It's a sunny spring afternoon, and he is driving slowly around the impeccably groomed 200-acre campus in his red BMW, pointing out the sights. There's the computer science building . . . the fitness center . . . the greenhouse . . . the 7,000-seat "amphitorium," where students stage elaborate productions of operas and Shakespeare plays . . . and the university museum, which contains one of the world's greatest collections of baroque religious art.

Pait points out the university's academic spinoffs: a Bob Jones preschool, Bob Jones Elementary School, Bob Jones Junior High School, and a 600-student high school called Bob Jones Academy.

It's possible to go from preschool to a PhD and never attend a school that isn't named after Bob Jones. In fact, BJU's next president, Stephen Jones, did exactly that.

BJU also runs a textbook publishing company and a business that produces video classes for Christian schools and home schools. BJU won't reveal how many textbooks it sells, but it will reveal how many pounds of books it sold last year: 3.5 million.

The textbooks help attract students to BJU, which offers 120 majors -- such secular subjects as accounting, English and interior design, plus religious courses like Bible evangelism and missionary aviation.

"If the secular academy wants to look down their noses at us, okay," Pait says, "but our students can stand toe-to-toe with anybody."

The difference between Bob Jones and secular schools, Pait says, is that at BJU every teacher is a fundamentalist Christian and every subject is taught from a "Christian worldview."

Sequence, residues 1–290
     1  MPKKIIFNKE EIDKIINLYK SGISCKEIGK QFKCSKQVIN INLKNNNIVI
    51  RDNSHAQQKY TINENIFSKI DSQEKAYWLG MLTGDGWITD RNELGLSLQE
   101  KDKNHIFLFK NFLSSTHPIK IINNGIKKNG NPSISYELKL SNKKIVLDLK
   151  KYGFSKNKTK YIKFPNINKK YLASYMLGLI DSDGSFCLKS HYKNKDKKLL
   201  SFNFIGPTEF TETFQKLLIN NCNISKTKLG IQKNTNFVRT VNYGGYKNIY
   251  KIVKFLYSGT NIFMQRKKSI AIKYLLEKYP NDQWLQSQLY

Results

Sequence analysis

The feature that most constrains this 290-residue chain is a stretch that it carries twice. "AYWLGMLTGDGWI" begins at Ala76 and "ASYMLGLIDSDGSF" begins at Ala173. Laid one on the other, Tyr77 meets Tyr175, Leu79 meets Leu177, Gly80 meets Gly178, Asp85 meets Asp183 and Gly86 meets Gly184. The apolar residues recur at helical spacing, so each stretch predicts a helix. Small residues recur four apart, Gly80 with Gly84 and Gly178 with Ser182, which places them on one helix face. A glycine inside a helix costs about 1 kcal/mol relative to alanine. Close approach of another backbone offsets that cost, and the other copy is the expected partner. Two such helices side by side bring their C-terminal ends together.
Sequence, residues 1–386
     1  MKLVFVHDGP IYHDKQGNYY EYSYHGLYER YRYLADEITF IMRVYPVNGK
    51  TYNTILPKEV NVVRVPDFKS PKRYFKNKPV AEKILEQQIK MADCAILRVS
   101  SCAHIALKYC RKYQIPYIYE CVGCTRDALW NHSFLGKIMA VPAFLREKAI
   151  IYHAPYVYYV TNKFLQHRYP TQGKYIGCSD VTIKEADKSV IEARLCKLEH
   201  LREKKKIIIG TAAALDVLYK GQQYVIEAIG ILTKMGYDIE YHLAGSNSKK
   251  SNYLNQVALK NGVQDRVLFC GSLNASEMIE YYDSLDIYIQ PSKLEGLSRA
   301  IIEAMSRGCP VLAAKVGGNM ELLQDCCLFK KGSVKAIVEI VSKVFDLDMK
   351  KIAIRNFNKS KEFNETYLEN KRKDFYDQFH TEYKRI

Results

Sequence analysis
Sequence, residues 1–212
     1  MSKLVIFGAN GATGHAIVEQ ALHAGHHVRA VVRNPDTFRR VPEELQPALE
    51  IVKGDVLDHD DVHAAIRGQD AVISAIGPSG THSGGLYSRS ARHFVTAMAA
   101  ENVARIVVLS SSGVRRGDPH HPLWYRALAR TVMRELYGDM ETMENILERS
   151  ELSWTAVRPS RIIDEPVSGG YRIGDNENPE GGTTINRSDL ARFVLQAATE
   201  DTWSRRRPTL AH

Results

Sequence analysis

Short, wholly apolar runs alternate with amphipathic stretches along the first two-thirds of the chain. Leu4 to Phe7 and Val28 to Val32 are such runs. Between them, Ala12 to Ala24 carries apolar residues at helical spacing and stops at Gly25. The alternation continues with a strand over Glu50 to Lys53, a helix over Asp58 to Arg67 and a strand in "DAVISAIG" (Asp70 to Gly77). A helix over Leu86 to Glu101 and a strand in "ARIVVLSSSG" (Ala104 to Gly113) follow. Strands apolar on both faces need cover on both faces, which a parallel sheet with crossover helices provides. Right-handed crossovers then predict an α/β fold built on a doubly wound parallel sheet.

"In secular schools, they say, 'Let's use science to discover the unknown truth,' " Pait says. "We say, 'We know the truth -- how does this glorify the truth, who is God?' "

Family Business

Bob Jones preached his first sermons to the rear ends of mules as he plowed his daddy's Alabama peanut farm.

Jones was born in 1883, and born again 11 years later, saved at a revival meeting. Soon he was preaching. At 14, he preached so powerfully a Methodist group voted to ordain him on the spot.

By the 1920s, Bob Jones was one of America's biggest evangelists, second only to Billy Sunday. Jones denounced the evils of the age: liquor, jazz, "picture shows," flappers, makeup, big cities packed with "degenerate, unassimilated foreigners," and Al Smith, the New York Catholic who ran for president in 1928. Jones believed the Catholic church was particularly evil because it set up a hierarchy, including the "Antichrist" pope, between God and man.

"The things that made America great," Bob Jones said, "are the very things Al Smith's religion opposes."

In the '20s, America's Protestant denominations split in what David Beale, a BJU professor and religious historian, calls "a vicious battle between fundamentalists and modernists" over evolution, which modernists accepted but fundamentalists rejected because it conflicted with the biblical story of creation. The modernists won, Beale says, retaining control of most mainline religious institutions, and fundamentalists left to create their own.

Bob Jones created Bob Jones College, outside Panama City, Fla. It was devoted to strict separation from religious liberals -- and from fundamentalists who associated with liberals. On opening day in 1927, 85 students watched as the faculty marched up to publicly sign a creed that renounced "all atheistic, agnostic, pagan . . . adulterations of the gospel."

On the verge of bankruptcy in 1933, the college moved to Cleveland, Tenn. By 1947, it had outgrown its campus and moved to Greenville, S.C.

Meanwhile, in 1911, Bob Jones begat Bob Jones Jr., "perhaps the most colorful member of the Jones family," wrote Mark Taylor Dalhouse in his 1996 book on BJU, "An Island in the Lake of Fire."

As a child traveling on his father's evangelistic crusades, Bob Jones Jr. would hang bedsheets up like theater curtains in hotel rooms and perform plays of his own creation. As a student at his father's college, he founded a campus Shakespeare company and played Shylock in "The Merchant of Venice," a role he reprised throughout his life.